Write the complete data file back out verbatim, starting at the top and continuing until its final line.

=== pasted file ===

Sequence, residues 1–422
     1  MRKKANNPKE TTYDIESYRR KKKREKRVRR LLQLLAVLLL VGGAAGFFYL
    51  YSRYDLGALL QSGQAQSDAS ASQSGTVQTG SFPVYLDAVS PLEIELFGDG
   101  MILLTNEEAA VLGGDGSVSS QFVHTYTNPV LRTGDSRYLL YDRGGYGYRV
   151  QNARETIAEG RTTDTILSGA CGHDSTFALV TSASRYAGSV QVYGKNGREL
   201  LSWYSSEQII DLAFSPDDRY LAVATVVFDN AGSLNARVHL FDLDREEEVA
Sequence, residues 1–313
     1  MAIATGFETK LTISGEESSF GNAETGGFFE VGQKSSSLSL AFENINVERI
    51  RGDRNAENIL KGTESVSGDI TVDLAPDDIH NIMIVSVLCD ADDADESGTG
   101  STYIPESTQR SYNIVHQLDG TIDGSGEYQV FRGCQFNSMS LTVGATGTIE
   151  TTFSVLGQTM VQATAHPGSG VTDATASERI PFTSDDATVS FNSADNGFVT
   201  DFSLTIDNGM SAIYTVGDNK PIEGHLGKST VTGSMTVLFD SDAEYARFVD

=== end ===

Sequence, residues 1–422
     1  MRKKANNPKE TTYDIESYRR KKKREKRVRR LLQLLAVLLL VGGAAGFFYL
    51  YSRYDLGALL QSGQAQSDAS ASQSGTVQTG SFPVYLDAVS PLEIELFGDG
   101  MILLTNEEAA VLGGDGSVSS QFVHTYTNPV LRTGDSRYLL YDRGGYGYRV
   151  QNARETIAEG RTTDTILSGA CGHDSTFALV TSASRYAGSV QVYGKNGREL
   201  LSWYSSEQII DLAFSPDDRY LAVATVVFDN AGSLNARVHL FDLDREEEVA
Sequence, residues 1–313
     1  MAIATGFETK LTISGEESSF GNAETGGFFE VGQKSSSLSL AFENINVERI
    51  RGDRNAENIL KGTESVSGDI TVDLAPDDIH NIMIVSVLCD ADDADESGTG
   101  STYIPESTQR SYNIVHQLDG TIDGSGEYQV FRGCQFNSMS LTVGATGTIE
   151  TTFSVLGQTM VQATAHPGSG VTDATASERI PFTSDDATVS FNSADNGFVT
   201  DFSLTIDNGM SAIYTVGDNK PIEGHLGKST VTGSMTVLFD SDAEYARFVD